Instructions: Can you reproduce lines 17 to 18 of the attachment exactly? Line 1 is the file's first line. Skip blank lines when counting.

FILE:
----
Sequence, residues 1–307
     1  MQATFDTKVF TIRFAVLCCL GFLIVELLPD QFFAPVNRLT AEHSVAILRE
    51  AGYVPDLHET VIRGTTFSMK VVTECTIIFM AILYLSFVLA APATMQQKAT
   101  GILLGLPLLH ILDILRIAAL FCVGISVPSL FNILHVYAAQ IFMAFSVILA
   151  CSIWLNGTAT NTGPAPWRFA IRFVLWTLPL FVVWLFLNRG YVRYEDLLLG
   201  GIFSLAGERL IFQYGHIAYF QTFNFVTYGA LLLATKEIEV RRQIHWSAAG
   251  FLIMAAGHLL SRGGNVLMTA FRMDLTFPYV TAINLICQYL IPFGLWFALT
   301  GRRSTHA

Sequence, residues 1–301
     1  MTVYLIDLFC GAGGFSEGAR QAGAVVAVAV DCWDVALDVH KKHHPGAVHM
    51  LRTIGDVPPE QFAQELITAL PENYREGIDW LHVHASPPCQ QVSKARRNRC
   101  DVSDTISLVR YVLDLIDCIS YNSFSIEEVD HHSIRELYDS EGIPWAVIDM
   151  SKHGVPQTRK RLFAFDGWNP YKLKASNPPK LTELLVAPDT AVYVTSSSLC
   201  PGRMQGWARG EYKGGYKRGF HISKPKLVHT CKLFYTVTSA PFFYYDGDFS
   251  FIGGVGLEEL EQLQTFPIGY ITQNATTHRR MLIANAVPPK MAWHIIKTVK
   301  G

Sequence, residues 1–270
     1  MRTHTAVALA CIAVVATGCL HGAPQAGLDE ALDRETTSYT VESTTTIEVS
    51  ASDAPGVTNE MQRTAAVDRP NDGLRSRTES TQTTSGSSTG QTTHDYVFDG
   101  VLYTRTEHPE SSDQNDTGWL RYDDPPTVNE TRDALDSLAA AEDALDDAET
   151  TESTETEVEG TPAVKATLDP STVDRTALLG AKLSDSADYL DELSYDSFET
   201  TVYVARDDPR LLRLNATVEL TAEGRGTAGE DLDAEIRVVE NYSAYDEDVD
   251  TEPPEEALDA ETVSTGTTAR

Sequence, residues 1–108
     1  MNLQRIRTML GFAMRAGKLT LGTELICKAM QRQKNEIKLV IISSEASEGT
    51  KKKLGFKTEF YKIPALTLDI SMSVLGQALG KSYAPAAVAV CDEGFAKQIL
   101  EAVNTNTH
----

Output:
Sequence, residues 1–270
     1  MRTHTAVALA CIAVVATGCL HGAPQAGLDE ALDRETTSYT VESTTTIEVS